For the first time in UK law, animals will be formally recognised as sentient beings. The Animal Welfare bill was introduced to Parliament last week as part of the government’s action plan for animal welfare.
The new animal welfare (sentience) bill is a welcomed development and has been hailed as a win for animal welfare campaigners, putting animal sentience at the heart of the policy and paving the way for several new measures.
By recognising animals as sentient beings, the law ensures that any new legislation will have to consider the fact that animals can experience feelings like pain, joy and more.
The animal welfare action plan includes measures for halting most live animal exports, banning the import of hunting trophies such as ivory and shark fins, microchipping cats, stopping people from keeping primates as pets, cracking down on pet theft, banning e-collars, and import rules will be changed to try to stop puppy smuggling.
The government will also promote UK animal welfare in future trade deals, will crackdown on illegal hare coursing, and the use of glue traps will be restricted.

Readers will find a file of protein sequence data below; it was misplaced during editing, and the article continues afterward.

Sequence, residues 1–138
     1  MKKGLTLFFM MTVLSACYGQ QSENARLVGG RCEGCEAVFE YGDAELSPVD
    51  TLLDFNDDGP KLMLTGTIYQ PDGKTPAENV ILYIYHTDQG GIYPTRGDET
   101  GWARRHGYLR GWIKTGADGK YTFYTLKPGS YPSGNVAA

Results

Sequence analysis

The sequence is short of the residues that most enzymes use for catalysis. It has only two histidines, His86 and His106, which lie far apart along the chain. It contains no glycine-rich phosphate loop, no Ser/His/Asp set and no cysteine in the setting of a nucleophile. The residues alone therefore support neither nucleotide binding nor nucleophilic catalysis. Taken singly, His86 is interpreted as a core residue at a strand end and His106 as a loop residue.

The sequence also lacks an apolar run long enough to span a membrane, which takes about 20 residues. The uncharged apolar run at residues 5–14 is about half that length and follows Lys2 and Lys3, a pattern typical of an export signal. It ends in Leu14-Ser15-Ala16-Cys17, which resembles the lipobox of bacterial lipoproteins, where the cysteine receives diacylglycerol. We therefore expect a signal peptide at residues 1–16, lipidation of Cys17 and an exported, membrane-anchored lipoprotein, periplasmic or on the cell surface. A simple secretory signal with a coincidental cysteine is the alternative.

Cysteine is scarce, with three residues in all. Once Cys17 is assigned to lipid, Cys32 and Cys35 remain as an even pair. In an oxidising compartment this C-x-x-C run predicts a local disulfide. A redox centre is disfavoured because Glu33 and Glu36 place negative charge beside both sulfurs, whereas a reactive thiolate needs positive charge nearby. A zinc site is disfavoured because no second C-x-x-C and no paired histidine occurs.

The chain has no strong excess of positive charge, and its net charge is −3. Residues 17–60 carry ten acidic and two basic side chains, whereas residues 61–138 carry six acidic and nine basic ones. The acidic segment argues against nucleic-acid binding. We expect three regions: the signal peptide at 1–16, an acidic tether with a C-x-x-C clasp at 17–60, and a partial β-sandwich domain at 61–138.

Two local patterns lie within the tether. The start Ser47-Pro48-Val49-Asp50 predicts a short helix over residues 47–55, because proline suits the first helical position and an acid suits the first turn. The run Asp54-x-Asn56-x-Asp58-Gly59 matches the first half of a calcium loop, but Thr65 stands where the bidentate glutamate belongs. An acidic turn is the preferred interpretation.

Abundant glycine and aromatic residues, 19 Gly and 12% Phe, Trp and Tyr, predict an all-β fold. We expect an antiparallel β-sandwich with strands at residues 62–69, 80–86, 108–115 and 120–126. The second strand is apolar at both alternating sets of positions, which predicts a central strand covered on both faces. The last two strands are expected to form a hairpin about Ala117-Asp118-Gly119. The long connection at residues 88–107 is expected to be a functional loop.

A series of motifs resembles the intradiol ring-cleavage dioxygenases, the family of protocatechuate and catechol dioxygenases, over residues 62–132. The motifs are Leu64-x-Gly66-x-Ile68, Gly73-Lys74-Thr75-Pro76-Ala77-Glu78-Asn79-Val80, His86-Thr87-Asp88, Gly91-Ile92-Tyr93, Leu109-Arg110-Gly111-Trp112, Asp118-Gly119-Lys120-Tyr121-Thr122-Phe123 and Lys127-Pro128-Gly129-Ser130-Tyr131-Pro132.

In response to worries from farmers about loose dogs in the countryside during the lockdowns, the police will be given new powers to protect farm animals from dogs.
In more detail, the Animal Welfare (Sentience) Bill:
- will formally recognise animals as sentient beings in domestic law.
- will establish an Animal Sentience Committee made up of experts to make sure cross-departmental government policy considers animal sentience.
- will ensure Government Ministers update Parliament on recommendations made by the Animal Sentience Committee.
George Eustice, the Environment Secretary, said: “We are a nation of animal lovers and were the first country in the world to pass animal welfare laws. Our action plan for animal welfare will deliver on our manifesto commitment to ban the export of live animal exports for slaughter and fattening, prohibit keeping primates as pets, and bring in new laws to tackle puppy smuggling. As an independent nation, we are now able to go further than ever to build on our excellent track record.”
Legally recognising that animals are sentient beings is a great positive step in the action plan for animal welfare and future policy decisions.
If you need assistance with an animal welfare issue, please contact us, and our team will be able to help you with expert legal advice.